The Haitian Uprising of 1791, in Saint Domingue, played a crucial role in the abolition of the transatlantic slave trade. In memory, 23 August marks the UN’s International Day for the Remembrance of the Slave Trade and its Abolition, providing a focus for collective remembrance and consideration of the legacy of the atrocity and how it impacts today’s world.
This past year city representatives including myself and Mayor Marvin Rees have been working hard to support the dialogue and learning from Bristol’s role in the trans-atlantic slave trade, including through the Bristol History Commission, the Legacy Steering Group, and publishing Project Truth to help inform how the city responds and moves forward.
Alongside this and to help inform both our own learning and that of two of our twin cities, Bordeaux and Hannover, with whom we mark our 75th twinning anniversary this year, I have been privileged to visit both and pay respect to the victims of slavery and remember our cities’ roles in the trans-atlantic slave trade.
In May, a small delegation from Bristol, including myself, Professor Olivette Otele, a historian of slavery and memory of enslavement; Sado Jirde, Director of Black South West Network; Dr Mena Fombo, a Bristol International Ambassador, entrepreneur, film director and global speaker on diversity and inclusion; and Dr Emmanuel Adukwu, Deputy Head of the Department of Applied Sciences at the University of the West of England, were invited to take part in Bordeaux Slavery Memory Week.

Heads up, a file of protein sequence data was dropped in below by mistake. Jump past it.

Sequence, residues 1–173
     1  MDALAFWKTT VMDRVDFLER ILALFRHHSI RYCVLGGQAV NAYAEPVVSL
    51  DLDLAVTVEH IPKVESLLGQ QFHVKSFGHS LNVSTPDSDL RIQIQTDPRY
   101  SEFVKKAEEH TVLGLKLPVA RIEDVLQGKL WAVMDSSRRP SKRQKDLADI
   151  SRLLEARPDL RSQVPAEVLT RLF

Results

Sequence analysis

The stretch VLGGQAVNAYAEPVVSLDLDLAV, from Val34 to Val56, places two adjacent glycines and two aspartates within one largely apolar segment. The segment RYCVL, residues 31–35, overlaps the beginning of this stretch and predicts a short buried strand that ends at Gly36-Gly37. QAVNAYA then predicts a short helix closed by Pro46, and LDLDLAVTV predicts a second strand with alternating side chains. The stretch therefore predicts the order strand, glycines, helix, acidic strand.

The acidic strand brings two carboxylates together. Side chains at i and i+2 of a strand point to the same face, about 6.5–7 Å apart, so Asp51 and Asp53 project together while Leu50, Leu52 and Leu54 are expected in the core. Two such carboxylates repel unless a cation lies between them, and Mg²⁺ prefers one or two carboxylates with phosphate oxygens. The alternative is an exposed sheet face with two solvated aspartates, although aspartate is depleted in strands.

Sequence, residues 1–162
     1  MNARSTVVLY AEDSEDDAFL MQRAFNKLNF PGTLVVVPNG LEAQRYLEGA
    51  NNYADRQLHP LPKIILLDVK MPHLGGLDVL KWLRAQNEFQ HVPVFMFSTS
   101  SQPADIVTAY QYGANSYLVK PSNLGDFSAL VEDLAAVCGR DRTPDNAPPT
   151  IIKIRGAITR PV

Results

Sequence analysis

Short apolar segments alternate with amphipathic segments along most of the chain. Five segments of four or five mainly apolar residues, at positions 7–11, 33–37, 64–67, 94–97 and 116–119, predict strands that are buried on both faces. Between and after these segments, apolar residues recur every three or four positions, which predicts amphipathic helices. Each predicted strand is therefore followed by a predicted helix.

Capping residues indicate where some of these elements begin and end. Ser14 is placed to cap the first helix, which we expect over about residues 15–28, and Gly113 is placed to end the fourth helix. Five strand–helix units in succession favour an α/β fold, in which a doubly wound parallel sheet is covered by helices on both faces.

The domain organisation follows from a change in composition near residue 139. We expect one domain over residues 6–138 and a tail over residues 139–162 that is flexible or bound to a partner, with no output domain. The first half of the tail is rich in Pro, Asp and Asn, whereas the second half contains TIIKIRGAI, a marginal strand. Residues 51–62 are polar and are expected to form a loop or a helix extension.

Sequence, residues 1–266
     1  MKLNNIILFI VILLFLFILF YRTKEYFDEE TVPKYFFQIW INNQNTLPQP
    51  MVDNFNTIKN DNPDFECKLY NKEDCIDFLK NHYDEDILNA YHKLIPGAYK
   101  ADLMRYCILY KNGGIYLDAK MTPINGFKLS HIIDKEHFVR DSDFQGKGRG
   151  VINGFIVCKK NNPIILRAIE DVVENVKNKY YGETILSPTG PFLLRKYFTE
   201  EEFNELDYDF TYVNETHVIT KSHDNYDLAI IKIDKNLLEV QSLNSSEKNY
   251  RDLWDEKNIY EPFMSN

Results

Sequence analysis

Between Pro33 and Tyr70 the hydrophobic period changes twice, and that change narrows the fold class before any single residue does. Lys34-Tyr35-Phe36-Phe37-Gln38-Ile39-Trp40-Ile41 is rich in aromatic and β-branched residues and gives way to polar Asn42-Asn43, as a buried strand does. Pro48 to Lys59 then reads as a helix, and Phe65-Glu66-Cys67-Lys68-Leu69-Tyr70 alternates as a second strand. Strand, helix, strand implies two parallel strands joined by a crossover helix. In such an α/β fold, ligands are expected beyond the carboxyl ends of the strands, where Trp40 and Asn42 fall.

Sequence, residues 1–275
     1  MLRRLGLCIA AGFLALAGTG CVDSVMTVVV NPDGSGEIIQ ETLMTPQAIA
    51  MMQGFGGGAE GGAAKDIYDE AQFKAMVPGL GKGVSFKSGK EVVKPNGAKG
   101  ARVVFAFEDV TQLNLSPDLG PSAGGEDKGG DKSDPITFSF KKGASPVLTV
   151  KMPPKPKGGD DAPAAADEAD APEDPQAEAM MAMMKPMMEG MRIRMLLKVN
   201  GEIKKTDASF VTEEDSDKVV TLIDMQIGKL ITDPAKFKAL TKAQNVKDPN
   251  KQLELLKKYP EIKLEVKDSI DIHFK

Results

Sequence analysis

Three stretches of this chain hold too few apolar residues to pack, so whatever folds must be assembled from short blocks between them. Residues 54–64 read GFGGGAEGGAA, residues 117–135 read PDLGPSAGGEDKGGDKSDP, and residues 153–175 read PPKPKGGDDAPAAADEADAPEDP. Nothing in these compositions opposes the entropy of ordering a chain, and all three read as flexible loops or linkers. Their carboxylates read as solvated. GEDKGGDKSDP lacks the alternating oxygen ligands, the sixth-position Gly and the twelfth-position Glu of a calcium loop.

As a fellow port city, also actively involved in the slave trade, they have embedded learning about the city’s slave history in a way Bristol can actively learn from. All Bordeaux school children join a targeted education programme outlining history of enslavement, as well as a memorial garden, trail, and permanent museum exhibition.
Last week I was invited to Hannover to take part in a wide programme of events to mark our 75th twinning anniversary, including a signing of a shared Memorandum of Agreement for future collaboration and panel discussions including one as part of the recent opening of the jointly Hannover/Bristol curated ‘About Golden Carriages and colonial past – Hannover, England and Slavery’ at their Historical Museum.
It was an opportunity to share more about the work of the History Commission and Legacy Steering group as they also explore their own role in the colonial past and how we can jointly work together on this and other shared priorities to achieve a better and more informed future for all our citizens.
I was also honoured to be able to see the culmination of Bristol’s Youth RISE Dance group’s collaboration project with FZH Linden Hannover with a performance representing human rights at the ceremony marking our 75th twinning anniversary at Hannover City Hall which was powerful and moving.
We would like to give our thanks to both Hannover and Bordeaux City Councils, City Partners, our Twinning Associations, the French Foreign Ministry for facilitating these special visits, and all those who we met and engaged with as part of the programme. It was a chance to share experiences, find solutions to common problems and support each other in achieving our goals.
Events to commemorate the 75th twinning anniversary with Bordeaux, as well as Hannover, are taking place throughout the year. More information about the events can be found on the Visit West website.